Happy Valentines Day Average Spending
Whether you’re a singleton or all loved up, the most romantic day of the year is creeping up on us again – Valentine’s Day. And with it comes a desire to reach into our pockets and shower our loved ones with romantic gestures and gifts.
For many of us, the day means spoiling our beloved with breakfast in bed or a delicious dinner and presenting them with chocolates, flowers, and other gifts. For retailers, it’s the first big spending frenzy after all the hubbub of the holiday season. Even as the pandemic rages on, Americans are expected to spend more than $27 billion on celebrating the day this year.
According to American Floral Endowment, the damper that the pandemic put on finances means this year’s spending might not be as spectacular as hoped for by some retailers. Even so, tighter finances are not likely to be too much of a deterrent to people determined to spoil their special someone.
This isn’t all that surprising, given the year that was 2020. Whether couples were brought closer together or pushed apart, they all learned important lessons about love.
Let’s delve into some of the facts and figures of Valentine’s Day in the US last year to give us an idea of what to expect in 2022.
Americans Spent $27.4 Billion On Valentine’s 2020
The National Retail Federation (NRF) revealed that Americans spent more than $27 billion on Valentine’s Day in 2020. The record amount was 32.36% up on the $20.7 billion they spent in 2019.
The leap was an impressive one, considering people in the US spent $19.6 billion and $18.2 billion in 2018 and 2017, respectively. We won’t be surprised if 2021 sees an increase in America’s total spending on Valentine’s Day.
The Average American Spent Almost $200
You’re probably wondering how much the average person spent on the day of love and romance if the total spend was greater than $27 billion.
According to the NRF, it was a record $196.31 per person, which was 21.2% higher than 2019’s $161.96. In 2018 and 2017, Americans spent an average of $143.56 and $136.57 per person. This means the average spend on Valentine’s Day per person increased by 43.74% between 2017 and 2020.
Gifts Not Only For Partners
Although Americans spent more money on Valentine’s Day in 2020 than they did in any other year, they didn’t necessarily spend it all on their romantic partner or spouse. Instead, 52% of the budget was spent on a significant other, 15% was spent on family members, 7% went to friends, and 7% was spent on children’s classmates.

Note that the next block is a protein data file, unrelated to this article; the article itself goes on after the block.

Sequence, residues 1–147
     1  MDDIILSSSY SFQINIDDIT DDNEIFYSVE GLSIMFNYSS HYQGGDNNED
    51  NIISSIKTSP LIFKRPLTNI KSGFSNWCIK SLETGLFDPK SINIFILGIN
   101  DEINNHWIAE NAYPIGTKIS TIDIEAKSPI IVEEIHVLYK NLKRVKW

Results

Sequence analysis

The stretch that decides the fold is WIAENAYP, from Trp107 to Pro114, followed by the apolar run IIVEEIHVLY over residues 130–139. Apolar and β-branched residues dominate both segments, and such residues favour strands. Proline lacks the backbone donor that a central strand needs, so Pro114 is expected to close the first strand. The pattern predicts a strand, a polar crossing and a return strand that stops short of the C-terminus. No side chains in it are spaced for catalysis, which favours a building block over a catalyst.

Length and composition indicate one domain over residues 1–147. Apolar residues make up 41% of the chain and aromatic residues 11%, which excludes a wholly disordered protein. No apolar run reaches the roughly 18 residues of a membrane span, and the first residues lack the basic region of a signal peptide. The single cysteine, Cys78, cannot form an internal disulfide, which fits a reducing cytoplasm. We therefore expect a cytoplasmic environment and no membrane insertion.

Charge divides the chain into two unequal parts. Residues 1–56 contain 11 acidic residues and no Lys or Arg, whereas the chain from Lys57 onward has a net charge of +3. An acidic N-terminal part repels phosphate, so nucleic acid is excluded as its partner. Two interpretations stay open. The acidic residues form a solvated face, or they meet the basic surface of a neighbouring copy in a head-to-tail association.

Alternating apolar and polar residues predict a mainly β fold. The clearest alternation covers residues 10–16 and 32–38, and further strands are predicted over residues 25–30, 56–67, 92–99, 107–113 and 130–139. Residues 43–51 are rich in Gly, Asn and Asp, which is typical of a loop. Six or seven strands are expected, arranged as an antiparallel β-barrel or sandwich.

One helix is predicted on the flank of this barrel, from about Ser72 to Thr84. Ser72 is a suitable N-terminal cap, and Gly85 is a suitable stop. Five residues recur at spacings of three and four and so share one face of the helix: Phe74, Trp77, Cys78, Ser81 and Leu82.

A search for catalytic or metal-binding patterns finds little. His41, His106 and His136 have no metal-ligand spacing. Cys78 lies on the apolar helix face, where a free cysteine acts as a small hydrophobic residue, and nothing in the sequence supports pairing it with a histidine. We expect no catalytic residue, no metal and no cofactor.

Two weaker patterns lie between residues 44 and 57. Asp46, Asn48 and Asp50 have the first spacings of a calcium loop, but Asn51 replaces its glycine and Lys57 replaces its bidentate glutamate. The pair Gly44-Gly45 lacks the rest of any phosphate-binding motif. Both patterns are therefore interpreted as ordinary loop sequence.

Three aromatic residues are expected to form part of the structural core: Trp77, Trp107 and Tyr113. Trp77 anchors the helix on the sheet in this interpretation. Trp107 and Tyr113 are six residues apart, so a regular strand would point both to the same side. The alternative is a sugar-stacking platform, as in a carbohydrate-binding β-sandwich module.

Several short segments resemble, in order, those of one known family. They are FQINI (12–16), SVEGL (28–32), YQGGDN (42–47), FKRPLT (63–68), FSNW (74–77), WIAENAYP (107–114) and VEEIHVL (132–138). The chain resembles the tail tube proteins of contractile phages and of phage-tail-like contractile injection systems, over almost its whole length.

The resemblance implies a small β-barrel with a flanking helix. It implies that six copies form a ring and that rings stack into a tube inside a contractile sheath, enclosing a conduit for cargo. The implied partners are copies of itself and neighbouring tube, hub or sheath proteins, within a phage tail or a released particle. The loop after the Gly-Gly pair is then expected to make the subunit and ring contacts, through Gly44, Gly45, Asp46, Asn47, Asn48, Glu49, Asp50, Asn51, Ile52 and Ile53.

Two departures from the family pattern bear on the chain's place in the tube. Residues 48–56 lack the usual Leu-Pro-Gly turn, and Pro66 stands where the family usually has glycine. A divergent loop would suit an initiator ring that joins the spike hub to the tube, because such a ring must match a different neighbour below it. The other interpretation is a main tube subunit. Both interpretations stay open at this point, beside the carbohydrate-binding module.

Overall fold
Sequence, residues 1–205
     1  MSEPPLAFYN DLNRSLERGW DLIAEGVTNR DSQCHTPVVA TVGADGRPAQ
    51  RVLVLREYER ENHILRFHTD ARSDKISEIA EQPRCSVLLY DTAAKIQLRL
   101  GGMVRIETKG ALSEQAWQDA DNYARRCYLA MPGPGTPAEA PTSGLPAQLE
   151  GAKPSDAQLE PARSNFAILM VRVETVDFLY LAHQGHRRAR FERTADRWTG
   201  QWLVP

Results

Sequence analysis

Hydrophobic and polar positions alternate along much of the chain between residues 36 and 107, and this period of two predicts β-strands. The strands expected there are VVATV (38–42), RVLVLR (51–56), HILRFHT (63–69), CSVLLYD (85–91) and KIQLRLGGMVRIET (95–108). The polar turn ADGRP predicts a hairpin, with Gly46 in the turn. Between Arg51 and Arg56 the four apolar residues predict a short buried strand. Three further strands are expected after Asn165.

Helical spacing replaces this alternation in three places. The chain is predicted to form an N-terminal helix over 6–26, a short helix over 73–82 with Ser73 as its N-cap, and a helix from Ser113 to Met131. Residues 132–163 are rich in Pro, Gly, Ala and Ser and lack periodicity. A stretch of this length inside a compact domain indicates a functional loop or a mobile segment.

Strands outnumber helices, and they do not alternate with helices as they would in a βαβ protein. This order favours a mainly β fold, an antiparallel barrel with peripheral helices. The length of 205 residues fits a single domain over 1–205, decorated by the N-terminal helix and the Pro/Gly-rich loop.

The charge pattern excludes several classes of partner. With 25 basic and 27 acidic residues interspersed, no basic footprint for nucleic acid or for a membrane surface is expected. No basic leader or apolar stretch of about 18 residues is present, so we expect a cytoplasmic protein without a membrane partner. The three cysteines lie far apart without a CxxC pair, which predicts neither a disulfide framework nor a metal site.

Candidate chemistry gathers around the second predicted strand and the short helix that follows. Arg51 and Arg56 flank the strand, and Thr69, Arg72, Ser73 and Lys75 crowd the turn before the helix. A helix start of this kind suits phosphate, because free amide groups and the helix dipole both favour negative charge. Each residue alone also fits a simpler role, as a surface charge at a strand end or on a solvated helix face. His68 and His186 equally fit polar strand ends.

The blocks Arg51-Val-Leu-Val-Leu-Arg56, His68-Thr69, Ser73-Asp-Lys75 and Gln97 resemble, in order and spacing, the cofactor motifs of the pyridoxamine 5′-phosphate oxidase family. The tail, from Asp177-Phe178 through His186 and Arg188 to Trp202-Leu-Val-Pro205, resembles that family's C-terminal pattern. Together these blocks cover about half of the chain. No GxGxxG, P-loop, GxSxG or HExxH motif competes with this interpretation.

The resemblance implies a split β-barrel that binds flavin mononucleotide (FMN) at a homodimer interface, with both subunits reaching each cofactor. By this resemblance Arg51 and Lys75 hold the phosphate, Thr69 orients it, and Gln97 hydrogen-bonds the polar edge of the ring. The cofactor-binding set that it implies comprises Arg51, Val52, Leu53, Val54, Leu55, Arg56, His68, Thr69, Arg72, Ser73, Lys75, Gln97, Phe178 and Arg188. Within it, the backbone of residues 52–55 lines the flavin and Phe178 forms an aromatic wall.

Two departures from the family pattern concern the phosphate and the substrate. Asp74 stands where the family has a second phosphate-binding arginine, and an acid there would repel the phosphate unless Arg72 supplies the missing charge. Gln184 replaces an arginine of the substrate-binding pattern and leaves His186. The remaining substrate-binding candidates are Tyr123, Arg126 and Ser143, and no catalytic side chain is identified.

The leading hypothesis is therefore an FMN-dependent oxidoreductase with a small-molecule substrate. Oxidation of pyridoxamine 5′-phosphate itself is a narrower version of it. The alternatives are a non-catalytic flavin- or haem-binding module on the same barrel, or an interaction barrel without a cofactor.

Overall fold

Will Valentine’s Day 2021 see a similar outpouring of generosity? Or will tighter purse strings across the US see a smaller spend per person, with the bulk of it being spent on partners or spouses? We think the generosity trend will continue!
Furry Friends Included
Partners, family, and friends aren’t the only ones who got spoiled on Valentine’s Day in 2020. According to the NRF, 27% of shoppers bought gifts for their pets, which resulted in a record-high $1.7 billion spent on gifts for animals. In 2010, only 17% planned to celebrate the day with gifts for their animals.
Who Spends More – Men Or Women?
Wondering whether men or women spend more money on Valentine’s Day? Statistics on Finder showed that the $11.4 billion spent by American men on gifts and activities was $3.6 billion more than the $7.8 billion that women spent.
Billions Spent On Chocolate And Flowers
A bouquet of flowers and a box of chocolates have been a go-to Valentine’s Day gift combination for decades, and that doesn’t look like it’s going to change any time soon. Americans purchase approximately 58 million pounds of chocolate for the day of love every year, among which are 36 million heart-shaped boxes.
In 2020, America’s spending on V Day chocolate reached a rather magnificent $2.4 billion, according to the NRF. As for flowers, 37% of consumers bought flowers, spending $2.3 billion on them. Red roses accounted for 69% of all roses sold on Valentine’s Day in the US. The 37% of shoppers who opted for floral gifts in 2020 was an 11% increase on the 28% of shoppers who purchased flowers in 2019.
Popular Gift Options
Valentine’s Day spending is obviously not limited to chocolates and flowers, so what are some of the other popular Valentine’s Day gifts?